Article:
Friday, May 17, 2013

Friday 17 May 2013 ~ Roxie

Today's passage from the Bible In a Year Reading Plan is: 2 Samuel 3, 4; Psalm 99; Acts 10
Today's scripture focus is Luke 3:18-20


Luke 3:18-20

18 And with many other words John exhorted the people and preached the good news to them. 19 But when John rebuked Herod the tetrarch because of Herodias, his brother's wife, and all the other evil things he had done, 20 Herod added this to them all: He locked John up in prison.


And with many other words”...it seems strange to start off a Bible study blog post with this phrase, but it struck me as amazing. After reading all of the studies from the last few days, it has become apparent that John did not mince words. He was bold, not always complimentary and spoke truth. With words, John encouraged the people; he urged the people; he begged the people to repent and be saved. 

“The people” seem to have included some very powerful people as John had a chance to discuss the evils of Herod the tetrarch’s life...and it sounds like he did so to Herod’s very own face. Now that takes courage: knowing that speaking up could mean torture, imprisonment, even death. Now Herod the tetrarch (aka Herod Antipas) was the son of Herod the Great. Herod the Great was ruler during the time of Jesus’ birth and killed all who presented a threat to his throne...except for Jesus, who was protected by a set of earthly parents that trusted in God and the messages sent by His angels. Mary and Joseph took Jesus into Egypt until they were told of the death of Herod the Great and that a return to Israel was possible (see Matthew 2:13-23).

Herod the Great was so threatened by anyone who might possibly usurp his throne that even the way he parceled out his kingdom to his sons was to keep them from being “kings” and so he called his sons “tetrarchs” or governors of a country divided into four parts. Herod Antipas inherited two portions of his father’s kingdom (the two little portions), while his two brothers each inherited one portion (bigger portions). One of these brothers, known as Herod I or Philip or Herod Philip I (not to be confused with the brother named Herod Philip II...could Herod the Great made life any more confusing in his household?) married his niece (I know, kinda icky), Herodias (more confusion) through an arranged marriage (not her fault, but still kinda icky).

The book Who’s Who and Where’s Where in the Bible suggests that she might have inherited a bit of her Granddaddy’s ambition. According to the author, Stephen Miller, Herodias was not satisfied with the meager success of her husband and divorced him to marry the far more prominent uncle, Herod Antipas. According to my small bit of understanding of how all things marriage work, there must have been even more to the story. Why did Herod Antipas want to marry his niece? Why had he divorced his own wife to marry the almost 40 (also according to the book by Stephen Miller) Herodias? Was she beautiful? Was she manipulative? Was she a schemer? Did Herod Antipas hate his brother so much that he wanted to rub the relationship in Philip’s face??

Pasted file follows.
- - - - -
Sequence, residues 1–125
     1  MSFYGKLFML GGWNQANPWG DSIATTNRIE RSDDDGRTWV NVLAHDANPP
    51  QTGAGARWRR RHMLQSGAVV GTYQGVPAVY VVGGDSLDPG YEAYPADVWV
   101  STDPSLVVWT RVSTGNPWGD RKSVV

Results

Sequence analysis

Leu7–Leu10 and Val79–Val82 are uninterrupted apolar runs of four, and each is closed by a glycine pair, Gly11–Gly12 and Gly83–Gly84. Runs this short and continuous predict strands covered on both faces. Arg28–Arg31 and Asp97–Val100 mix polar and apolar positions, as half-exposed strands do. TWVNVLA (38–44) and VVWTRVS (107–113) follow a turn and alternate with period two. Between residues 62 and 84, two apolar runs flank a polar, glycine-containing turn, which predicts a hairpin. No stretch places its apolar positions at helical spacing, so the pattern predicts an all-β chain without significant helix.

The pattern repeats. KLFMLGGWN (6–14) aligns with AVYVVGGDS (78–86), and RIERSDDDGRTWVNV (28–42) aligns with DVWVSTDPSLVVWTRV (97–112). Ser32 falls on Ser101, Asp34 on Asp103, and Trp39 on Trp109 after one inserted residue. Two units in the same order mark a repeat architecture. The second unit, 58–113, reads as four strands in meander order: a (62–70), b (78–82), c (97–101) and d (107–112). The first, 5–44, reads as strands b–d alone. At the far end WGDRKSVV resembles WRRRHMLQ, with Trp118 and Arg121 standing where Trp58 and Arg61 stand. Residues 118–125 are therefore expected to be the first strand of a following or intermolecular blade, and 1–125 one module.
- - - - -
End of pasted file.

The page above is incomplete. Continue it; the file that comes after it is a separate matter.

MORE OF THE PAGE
Whatever the case may be (I lean a bit toward manipulation when considering the final fate of John the Baptist), Herodias hooked her claws into Herod Antipas and was able to keep him close enough to her to whisper in his ear (though that is jumping ahead). The marriage of the governor of the two territories, Perea and Galilee, would not have been a private matter. John would have known...and John would have known the Jewish laws. Even beyond the issue of divorce, Herod had taken his brother’s wife.   

Leviticus 20:21 says “If a man marries his brother's wife, it is an act of impurity; he has dishonored his brother. They will be childless.” (NIV) Other versions say that he has violated (NLT) and shamed his brother (HCSB); that is is an unclean (KJV), abhorrent (NASB), indecent (NET Bible), immoral (ISV) act. Many of the versions use the word “takes” in stead of “marries” which could also be interpreted as sexual relations even outside of marriage. Whatever the case may be, the marriage of Herod Antipas and Herodias is contrary to God’s law...and John the Baptist is not afraid to remind them of it and of “all the other evil things he had done”. Would this be prophesy? Or was Herod not at all careful about hiding any misdeeds? What might the tabloids of the day have been saying about Herod the tetrarch??

Luke does not go into detail, but I am of the opinion that times have changed, yes, but human nature has not. John rebuked the governor of the times for his evil deeds, not just one, but it sounds like many. The governor did not like it, nor did his wife (I was going to describe her as incestuous, but is that the case if they are not related by blood? Feel free to use your imagination and describe her as you wish). Herod locked John up, maybe even tortured him. And John, like the prophets of old, continued to wait for the Lord to move, to act, even from within the depths of a dark, dank prison.

Could I be so bold? Knowing that to confront someone, to remind them of their sin could bring me so very low? John followed God’s lead, calling people to repentance, to get their hearts straightened out for the arrival of the Messiah, the Saviour. I pray that God would open my heart, my eyes, my ears to seek Him out and obediently follow Him into opportunities to draw people into repentance and into a right relationship with Him. I fail so often due to lack of courage...Thank the Lord that He does not give up on His children easily. There is hope for me yet...and for those of you who feel the same way!


Monday's scripture focus: Luke 3:21-22
Tomorrow's Bible In a Year Passage passage: 2 Samuel 5,6

1 comment:

TammyIsBlessed said...

Indeed, John's courage to boldly speak the truth, without sugar coating it, is both inspiring and convicting.